That survey was conducted in Boone County, Missouri. Back then the county had about 80,000 citizens, who mostly lived in Colombia (Gafke & Leuthold, 1979). The question was administered from trained student volunteer interviewers, who were assigned a random sample of precincts (Gafke & Leuthold, 1979). Those interviewers asked voters the question as they left the polls, and those voters only refused to answer about 30% of the time (Gafke & Leuthold, 1979).
975 interviews were conducted. The results indicated that voters are confused by the ballot wording. 55% of voters believed the amendment would result in increased aid for students in both private and public schools (Gafke & Leuthold, 1979). 6% said the aid was only aimed at children in public schools (Gafke & Leuthold, 1979). The remaining 40% of the voters understood that the aid was only to be directed at children in private schools (Gafke & Leuthold, 1979).
The Gafke & Leuthold (1979) study made the correlation that voters with less information about an issue are more likely to be confused by difficult ballot wording. Conversely, voters who were part of special interest groups or had a genuine interest in the ballot issue were less likely to be confused (Gafke & Leuthold, 1979). Also correlated in this study was the fact that voters with fewer years of education would likely end up confused at the ballot as well (Gafke & Leuthold, 1979).
For the November 6th County Charter Question Law Enforcement ballot wording, it is clear that the authors of the ballot issue were not going for a high degree of readability. In fact if the text of the ballot issue is highlighted, and copied into Microsoft Word’s readability statistics program – it comes back reading at a 12th grade level. However, according to the National Assessment of Adult Literacy (NAAL), a very significant number of adults have either not completed high school, or have earned a GED. This portion of adults only has either a basic or below-basic understanding of prose, which is defined as “the ordinary form of a spoken or written language, without metrical structure, as distinguished from poetry or verse” (NAAL, 2003; Prose | Define Prose at Dictionary.com, 2012).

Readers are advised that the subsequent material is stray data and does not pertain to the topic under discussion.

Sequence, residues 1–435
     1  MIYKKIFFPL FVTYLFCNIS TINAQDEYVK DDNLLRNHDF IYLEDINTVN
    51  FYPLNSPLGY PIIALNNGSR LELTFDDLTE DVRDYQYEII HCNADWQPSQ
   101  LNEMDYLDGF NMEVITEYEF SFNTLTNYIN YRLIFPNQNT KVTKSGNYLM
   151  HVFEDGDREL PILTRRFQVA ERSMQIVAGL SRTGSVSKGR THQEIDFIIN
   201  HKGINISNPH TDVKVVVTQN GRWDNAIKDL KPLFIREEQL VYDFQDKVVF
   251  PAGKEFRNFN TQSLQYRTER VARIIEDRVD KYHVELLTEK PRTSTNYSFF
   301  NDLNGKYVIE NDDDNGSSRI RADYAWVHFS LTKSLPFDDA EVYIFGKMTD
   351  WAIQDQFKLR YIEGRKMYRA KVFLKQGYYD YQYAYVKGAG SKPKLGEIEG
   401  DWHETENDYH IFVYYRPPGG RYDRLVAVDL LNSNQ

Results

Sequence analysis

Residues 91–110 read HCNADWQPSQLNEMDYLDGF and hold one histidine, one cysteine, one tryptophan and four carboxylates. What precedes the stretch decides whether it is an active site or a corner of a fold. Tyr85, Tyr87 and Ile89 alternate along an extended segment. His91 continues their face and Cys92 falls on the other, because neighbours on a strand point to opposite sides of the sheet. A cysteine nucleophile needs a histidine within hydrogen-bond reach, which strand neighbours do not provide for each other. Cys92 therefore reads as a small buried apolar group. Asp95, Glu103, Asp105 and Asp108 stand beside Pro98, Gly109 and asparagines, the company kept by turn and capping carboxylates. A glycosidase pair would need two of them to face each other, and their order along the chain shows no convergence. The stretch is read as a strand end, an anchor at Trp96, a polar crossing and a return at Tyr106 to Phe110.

Clearly the prose used in the County Charter Question for St. Charles is written at a level of comprehension unattainable to a significant number of voters, and is intellectually dishonest as to the effects of passing or denying the measure. This disenfranchisement is outrageous, and can lead voters to vote in ways they may not normally have were the ballots worded clearly. Perhaps it is time for an updated study similar to Gafke and Leuthold’s. More aptly stated, it is time to word ballots in a clear, common sense manner, free of legal-jargon and comprehensible to all. Maybe under that paradigm, voters will not unwittingly vote away their own civil-rights.
Barker, J. (2012). Sheriff Forms Committee to Help Plan County Police Department – St. Charles, MO Patch. Retrieved November 17, 2012, from http://stcharles.patch.com/articles/sheriff-f2ecf8a4?ncid=newsltuspatc00000001
Prose | Define Prose at Dictionary.com. (2012). Retrieved November 17, 2012, from http://dictionary.reference.com/browse/prose
Gafke R, Leuthold D. The effect on voters of misleading, confusing, and difficult ballot titles. Public Opinion Quarterly [serial online]. Fall79 1979;43(3):394. Available from: Business Source Complete, Ipswich, MA. Accessed November 16, 2012.
Korando, R. (2012). St. Charles County to create police department : Sj. STL Suburban Journals. Retrieved November 17, 2012, from http://www.stltoday.com/suburban-journals/stcharles/news/st-charles-county-to-create-police-department/article_673352e0-c8b2-5bd6-af9e-d60f75509d57.html
National Assessment of Adult Literacy (NAAL) – Demographics – Education. (2003). Retrieved November 17, 2012, from http://nces.ed.gov/naal/kf_dem_edu.asp